Hydrological models are necessary tools for simulating the water cycle and for understanding changes in water resources. To achieve realistic model simulation results, real-world observations are used to determine model parameters within a “calibration” procedure. Optimization techniques are usually applied in the model calibration step, which assures a maximum similarity between model outputs and observations. Practical experiences of hydrological model calibration have shown that single-objective approaches might not be adequate to tune different aspects of model simulations. These limitations can be as a result of (i) using observations that do not sufficiently represent the dynamics of the water cycle, and/or (ii) due to restricted efficiency of the applied calibration techniques. To address (i), we assess how adding daily Total Water Storage (dTWS) changes derived from the Gravity Recovery And Climate Experiment (GRACE) as an extra observations, besides the traditionally used runoff data, improves calibration of a simple 4-parameter conceptual hydrological model (GR4J, in French: modèle du Génie Rural à 4 paramètres Journalier) within the Danube River Basin. As selecting a proper calibration approach (in ii) is a challenging task and might have significant influence on the quality of model simulations, for the first time, four evolutionary optimization techniques, including the Non-dominated Sorting Genetic Algorithm II (NSGA-II), the Multi-objective Particle Swarm Optimization (MPSO), the Pareto Envelope-Based Selection Algorithm II (PESA-II), and the Strength Pareto Evolutionary Algorithm II (SPEA-II) along with the Combined objective function and Genetic Algorithm (CGA) are tested to calibrate the model in (i). A number of quality measures are applied to assess cardinality, accuracy, and diversity of solutions, which include the Number of Pareto Solutions (NPS), Generation Distance (GD), Spacing (SP), and Maximum Spread (MS). Our results indicate that according to MS and SP, NSGA-II performs better than other techniques for calibrating GR4J using GRACE dTWS and in situ runoff data. Considering GD as a measure of efficiency, MPSO is found to be the best technique. CGA is found to be an efficient method, while considering the statistics of the GR4J’s 4 calibrated parameters to rank the optimization techniques. The Nash-Sutcliffe model efficiency coefficient is also used to assess the predictive power of the calibrated hydrological models, for which our results indicate satisfactory performance of the assessed calibration experiments.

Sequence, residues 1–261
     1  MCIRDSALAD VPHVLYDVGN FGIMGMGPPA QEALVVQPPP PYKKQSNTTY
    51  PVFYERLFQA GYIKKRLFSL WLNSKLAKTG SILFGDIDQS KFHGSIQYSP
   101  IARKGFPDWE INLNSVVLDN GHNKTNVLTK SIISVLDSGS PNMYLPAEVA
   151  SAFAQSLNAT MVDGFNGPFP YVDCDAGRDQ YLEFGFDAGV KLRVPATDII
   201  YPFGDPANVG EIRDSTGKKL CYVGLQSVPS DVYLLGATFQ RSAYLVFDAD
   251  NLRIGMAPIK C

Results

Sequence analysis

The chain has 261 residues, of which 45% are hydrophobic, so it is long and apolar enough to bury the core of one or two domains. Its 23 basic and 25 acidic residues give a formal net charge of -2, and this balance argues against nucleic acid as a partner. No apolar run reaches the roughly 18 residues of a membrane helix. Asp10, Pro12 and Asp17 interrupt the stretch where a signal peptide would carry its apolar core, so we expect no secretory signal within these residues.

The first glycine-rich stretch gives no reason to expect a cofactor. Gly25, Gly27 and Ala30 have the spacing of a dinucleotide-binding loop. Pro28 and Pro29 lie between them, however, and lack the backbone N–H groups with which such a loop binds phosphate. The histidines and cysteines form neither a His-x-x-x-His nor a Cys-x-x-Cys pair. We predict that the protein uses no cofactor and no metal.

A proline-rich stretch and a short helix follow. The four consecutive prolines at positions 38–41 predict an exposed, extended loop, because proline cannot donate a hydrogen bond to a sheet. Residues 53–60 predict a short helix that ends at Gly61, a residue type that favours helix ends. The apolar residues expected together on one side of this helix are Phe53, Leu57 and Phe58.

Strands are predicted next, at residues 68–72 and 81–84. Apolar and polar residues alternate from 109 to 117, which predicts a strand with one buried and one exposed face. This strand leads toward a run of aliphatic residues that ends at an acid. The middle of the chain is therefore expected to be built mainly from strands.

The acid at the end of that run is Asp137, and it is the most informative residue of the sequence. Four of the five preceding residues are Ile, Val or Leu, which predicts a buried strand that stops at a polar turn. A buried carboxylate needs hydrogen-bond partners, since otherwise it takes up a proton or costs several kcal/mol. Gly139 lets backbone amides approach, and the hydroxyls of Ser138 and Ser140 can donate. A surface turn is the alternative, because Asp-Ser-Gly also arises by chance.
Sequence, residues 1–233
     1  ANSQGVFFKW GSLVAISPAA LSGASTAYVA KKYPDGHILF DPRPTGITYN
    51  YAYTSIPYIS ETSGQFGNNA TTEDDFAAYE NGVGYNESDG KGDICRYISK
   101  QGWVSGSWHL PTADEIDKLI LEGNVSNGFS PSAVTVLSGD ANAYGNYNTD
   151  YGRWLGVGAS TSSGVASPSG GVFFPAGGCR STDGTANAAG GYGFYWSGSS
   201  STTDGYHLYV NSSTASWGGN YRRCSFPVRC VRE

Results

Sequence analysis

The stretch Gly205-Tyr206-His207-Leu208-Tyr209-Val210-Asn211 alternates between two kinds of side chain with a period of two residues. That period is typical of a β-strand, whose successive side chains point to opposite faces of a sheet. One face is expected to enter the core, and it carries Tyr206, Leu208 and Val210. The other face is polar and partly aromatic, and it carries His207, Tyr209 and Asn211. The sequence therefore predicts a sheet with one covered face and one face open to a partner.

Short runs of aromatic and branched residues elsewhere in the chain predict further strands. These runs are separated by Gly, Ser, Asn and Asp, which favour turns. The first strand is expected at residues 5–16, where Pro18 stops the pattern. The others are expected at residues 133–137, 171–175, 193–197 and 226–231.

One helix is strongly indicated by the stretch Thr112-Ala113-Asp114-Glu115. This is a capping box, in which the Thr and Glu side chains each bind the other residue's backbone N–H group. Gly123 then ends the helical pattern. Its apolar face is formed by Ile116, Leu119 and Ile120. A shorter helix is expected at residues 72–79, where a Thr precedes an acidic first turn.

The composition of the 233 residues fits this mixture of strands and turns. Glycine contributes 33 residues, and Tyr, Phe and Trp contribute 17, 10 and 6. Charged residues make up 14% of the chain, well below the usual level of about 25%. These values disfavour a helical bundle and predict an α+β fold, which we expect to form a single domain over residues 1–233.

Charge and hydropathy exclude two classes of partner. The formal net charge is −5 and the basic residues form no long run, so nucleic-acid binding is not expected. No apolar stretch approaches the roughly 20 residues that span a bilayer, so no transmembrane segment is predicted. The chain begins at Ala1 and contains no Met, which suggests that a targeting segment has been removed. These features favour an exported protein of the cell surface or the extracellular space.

- Conceptual hydrological model
- Daily total water storage
- Evolutionary optimization techniques
- Multi-objective calibration